This is a mistake equivalent to ignoring the difference between a two-dimensional map of a terrain and our situated, embodied familiarity with the land which allows us to make out way around it. The problem with such an argument as regards morality, however, is that it seems resigned to the givenness of social structures and inherited practices a point to which I shall return. At first sight, however, an approach like that suggested by Taylor might seem appropriate for the case of the Mongols.

They make a distinction between rules as socially accepted customs yos, zanshil and as edicts zarlig of temporal rulers. However, there is a certain cosmological elision between the two, which suggests that both can be taken by Mongols to be largely concerned with power, and there seems to be a sense in which both are thereby removed from the sphere of morality as conceived by the Mongols. From the seventeenth until the early twentieth century the successive edicts through the centuries of khans or feudal rulers curiously took the form of specifying the different penalties applied to various social categories for not observing them.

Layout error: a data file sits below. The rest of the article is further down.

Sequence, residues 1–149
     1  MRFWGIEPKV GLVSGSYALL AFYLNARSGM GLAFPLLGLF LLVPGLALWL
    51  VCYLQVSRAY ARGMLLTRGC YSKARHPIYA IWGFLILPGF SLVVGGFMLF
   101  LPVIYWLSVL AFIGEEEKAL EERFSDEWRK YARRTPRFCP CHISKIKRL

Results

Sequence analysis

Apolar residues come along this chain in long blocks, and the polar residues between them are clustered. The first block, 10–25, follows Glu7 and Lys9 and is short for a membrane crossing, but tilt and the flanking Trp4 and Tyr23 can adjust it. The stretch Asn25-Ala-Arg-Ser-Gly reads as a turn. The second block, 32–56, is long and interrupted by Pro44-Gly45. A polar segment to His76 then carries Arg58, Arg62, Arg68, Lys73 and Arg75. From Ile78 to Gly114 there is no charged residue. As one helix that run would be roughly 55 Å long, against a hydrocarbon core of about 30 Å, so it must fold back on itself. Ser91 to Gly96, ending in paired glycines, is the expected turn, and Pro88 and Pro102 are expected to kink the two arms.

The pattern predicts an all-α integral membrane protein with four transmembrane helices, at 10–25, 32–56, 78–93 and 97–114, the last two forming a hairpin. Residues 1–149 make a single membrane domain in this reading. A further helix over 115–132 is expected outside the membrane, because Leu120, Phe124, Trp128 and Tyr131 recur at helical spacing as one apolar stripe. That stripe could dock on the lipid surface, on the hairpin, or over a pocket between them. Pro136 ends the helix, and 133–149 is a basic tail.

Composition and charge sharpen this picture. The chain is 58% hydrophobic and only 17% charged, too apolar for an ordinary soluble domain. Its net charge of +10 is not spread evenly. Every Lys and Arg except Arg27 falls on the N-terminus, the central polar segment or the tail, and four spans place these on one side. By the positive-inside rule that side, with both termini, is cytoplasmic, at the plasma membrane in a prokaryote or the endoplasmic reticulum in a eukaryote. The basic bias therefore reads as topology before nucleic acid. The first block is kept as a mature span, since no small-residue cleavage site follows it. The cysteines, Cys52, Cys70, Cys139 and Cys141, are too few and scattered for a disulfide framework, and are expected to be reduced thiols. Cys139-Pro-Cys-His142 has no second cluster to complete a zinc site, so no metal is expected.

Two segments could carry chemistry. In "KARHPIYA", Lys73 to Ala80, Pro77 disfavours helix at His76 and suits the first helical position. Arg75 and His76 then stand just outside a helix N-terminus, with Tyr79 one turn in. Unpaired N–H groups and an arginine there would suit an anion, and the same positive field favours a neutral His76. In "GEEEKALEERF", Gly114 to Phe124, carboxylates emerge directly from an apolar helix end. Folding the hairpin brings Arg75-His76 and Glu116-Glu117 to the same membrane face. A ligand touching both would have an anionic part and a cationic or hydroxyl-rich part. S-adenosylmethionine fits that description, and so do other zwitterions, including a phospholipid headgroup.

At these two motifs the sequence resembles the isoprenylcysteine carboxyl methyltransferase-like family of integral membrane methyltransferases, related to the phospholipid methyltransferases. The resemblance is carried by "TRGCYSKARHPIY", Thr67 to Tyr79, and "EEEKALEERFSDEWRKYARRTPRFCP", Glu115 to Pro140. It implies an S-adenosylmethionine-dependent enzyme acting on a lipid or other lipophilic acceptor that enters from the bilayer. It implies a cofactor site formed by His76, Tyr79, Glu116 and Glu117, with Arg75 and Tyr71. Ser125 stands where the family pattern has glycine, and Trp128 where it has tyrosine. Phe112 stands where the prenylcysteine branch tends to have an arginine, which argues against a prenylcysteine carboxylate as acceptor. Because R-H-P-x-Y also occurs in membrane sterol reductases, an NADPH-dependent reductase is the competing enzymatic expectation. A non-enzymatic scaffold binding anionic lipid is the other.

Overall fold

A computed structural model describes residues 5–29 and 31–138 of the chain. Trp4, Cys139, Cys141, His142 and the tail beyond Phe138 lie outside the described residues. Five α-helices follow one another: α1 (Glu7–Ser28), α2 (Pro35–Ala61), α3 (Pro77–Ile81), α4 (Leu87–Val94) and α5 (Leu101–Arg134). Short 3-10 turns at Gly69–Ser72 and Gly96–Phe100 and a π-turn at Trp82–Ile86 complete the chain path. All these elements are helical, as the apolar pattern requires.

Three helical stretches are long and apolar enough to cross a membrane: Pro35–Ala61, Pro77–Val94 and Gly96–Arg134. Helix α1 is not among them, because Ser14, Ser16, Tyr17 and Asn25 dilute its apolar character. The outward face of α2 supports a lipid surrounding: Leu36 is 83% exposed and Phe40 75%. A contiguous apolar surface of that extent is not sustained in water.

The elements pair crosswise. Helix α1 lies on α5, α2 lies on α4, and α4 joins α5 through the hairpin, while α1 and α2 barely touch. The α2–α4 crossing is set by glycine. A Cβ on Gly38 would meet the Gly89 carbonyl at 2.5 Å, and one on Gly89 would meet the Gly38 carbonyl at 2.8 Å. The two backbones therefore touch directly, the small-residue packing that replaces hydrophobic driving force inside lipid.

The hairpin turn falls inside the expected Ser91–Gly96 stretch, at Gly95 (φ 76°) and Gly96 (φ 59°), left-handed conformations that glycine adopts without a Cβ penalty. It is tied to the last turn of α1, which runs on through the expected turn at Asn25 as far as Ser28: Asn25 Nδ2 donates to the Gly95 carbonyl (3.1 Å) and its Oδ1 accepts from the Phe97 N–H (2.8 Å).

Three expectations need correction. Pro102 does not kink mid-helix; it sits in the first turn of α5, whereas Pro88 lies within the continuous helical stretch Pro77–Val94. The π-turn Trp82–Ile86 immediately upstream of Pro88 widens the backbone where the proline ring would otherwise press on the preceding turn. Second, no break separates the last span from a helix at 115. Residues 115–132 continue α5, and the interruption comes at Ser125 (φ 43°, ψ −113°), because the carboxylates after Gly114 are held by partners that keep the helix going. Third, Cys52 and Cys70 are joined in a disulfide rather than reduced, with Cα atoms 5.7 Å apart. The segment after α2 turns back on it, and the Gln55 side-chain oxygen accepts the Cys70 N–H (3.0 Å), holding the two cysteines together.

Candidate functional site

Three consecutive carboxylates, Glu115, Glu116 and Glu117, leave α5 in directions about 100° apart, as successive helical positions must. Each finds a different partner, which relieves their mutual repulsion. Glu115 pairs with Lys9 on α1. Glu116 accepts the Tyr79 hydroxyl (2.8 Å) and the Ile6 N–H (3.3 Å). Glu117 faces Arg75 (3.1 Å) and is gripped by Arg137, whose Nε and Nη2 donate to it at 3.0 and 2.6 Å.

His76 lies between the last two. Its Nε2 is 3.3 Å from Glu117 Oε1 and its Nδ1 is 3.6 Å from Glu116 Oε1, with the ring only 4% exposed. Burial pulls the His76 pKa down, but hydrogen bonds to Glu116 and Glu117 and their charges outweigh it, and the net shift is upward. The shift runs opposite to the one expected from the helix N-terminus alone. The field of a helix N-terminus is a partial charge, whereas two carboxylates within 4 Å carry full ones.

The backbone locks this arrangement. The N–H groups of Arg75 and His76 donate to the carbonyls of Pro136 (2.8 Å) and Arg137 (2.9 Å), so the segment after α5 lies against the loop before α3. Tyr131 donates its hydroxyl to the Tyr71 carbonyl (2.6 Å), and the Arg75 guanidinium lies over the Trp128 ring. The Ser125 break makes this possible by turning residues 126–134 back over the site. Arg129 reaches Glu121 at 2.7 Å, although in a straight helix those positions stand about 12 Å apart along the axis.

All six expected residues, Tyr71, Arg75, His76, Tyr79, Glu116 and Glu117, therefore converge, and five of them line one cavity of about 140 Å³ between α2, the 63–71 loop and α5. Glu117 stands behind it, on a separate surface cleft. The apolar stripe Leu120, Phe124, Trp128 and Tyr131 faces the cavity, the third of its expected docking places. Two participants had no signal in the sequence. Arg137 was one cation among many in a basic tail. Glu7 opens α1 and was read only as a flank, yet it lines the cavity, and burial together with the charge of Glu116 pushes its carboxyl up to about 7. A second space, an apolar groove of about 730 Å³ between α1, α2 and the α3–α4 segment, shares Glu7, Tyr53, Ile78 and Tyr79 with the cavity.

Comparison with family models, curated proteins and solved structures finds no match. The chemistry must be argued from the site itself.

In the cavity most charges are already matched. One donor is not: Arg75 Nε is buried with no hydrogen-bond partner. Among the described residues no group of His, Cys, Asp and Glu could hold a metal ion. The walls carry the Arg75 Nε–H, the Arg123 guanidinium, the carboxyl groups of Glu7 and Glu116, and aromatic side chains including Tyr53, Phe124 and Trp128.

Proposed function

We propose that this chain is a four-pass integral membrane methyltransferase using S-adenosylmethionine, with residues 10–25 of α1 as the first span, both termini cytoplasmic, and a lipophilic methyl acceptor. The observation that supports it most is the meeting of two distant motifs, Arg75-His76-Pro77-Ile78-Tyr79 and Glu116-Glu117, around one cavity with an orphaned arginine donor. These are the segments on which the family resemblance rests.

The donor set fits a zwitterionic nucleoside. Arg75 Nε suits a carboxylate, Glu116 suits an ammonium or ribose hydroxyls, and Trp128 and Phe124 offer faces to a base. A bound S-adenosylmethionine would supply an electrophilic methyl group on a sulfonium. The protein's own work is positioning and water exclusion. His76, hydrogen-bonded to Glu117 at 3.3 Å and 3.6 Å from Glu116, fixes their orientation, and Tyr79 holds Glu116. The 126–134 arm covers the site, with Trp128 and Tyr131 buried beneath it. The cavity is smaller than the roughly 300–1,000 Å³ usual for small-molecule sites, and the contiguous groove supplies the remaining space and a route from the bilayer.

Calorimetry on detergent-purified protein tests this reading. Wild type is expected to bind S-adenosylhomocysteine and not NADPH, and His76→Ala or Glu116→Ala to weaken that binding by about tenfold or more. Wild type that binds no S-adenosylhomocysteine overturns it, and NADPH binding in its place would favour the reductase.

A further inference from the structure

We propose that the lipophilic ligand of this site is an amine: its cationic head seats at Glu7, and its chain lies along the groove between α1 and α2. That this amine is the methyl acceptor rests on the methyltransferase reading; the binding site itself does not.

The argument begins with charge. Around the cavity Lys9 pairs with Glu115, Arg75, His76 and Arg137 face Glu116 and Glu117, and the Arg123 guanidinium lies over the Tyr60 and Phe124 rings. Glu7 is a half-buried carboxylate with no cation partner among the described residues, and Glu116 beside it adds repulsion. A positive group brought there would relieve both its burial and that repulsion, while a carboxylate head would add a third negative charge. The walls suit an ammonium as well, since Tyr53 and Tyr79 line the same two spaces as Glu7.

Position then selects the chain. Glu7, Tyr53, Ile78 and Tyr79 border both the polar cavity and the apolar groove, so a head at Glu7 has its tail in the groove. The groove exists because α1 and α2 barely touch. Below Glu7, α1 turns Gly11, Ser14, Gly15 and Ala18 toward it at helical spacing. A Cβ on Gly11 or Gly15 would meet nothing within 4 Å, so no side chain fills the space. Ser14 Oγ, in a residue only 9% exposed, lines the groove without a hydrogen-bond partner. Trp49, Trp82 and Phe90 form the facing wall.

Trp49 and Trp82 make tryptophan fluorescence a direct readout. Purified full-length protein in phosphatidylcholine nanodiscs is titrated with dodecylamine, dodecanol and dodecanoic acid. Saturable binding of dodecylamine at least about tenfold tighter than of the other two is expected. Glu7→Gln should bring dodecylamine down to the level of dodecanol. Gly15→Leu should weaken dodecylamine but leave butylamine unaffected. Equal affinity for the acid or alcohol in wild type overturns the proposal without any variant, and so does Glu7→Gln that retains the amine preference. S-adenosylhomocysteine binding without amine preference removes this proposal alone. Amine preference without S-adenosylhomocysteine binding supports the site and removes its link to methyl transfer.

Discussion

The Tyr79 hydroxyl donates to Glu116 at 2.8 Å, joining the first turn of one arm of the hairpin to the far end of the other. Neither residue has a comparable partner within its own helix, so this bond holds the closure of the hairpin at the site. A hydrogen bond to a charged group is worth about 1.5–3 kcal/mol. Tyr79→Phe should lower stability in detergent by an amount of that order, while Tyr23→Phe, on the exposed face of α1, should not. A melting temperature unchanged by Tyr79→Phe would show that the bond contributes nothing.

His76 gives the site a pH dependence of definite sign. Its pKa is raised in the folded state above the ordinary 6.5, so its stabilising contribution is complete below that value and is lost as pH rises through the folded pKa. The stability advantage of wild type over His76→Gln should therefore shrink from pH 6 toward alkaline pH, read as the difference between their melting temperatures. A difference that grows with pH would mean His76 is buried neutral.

Rulers regularly let off people from such penalties on account of some counterbalancing positive service they had performed Jagchid The same can be said, perhaps more controversially, about religious customs yos, zanshil in the context of shamanism and the respect paid to objects in nature. If you pollute the water, the river spirit will take revenge and punish you, so it is better not do it; or alternatively, people might say that you would be lucky to get away with it.

The spirits of nature, existing in trees, mountains, rivers, springs, etc. This is the same term as that used for temporal rulers, ranging from the Bogd Ezen Khaan the Manchu Emperor and in later times, more colloquially, Communist rulers, to local chiefs, officials and even household heads. It seems to me that both understandings are available in Mongol culture.

Let us look first at the idea that there is a moral sense of the rightness of the order of power. Only my hat is above me. Thus did Chingghis speak to his brothers and sons, after granting them subject people, instructing them zarlig bolugsan on the support of nations and the gist of government in summary.

The sense here is perhaps ironic, since it seems to mock people in the enjoyment and satisfaction that they take in following rules. Yos, in this way of thinking, are not simply there to be followed unconditionally, but have to be learned, together with their reasons. The process of learning implies acquiring an explicit rational understanding which can be argued for and debated. In a Buddhist religious context this is particularly developed in nom xeleltsex, the regular disputations about sacred texts by lamas learning them.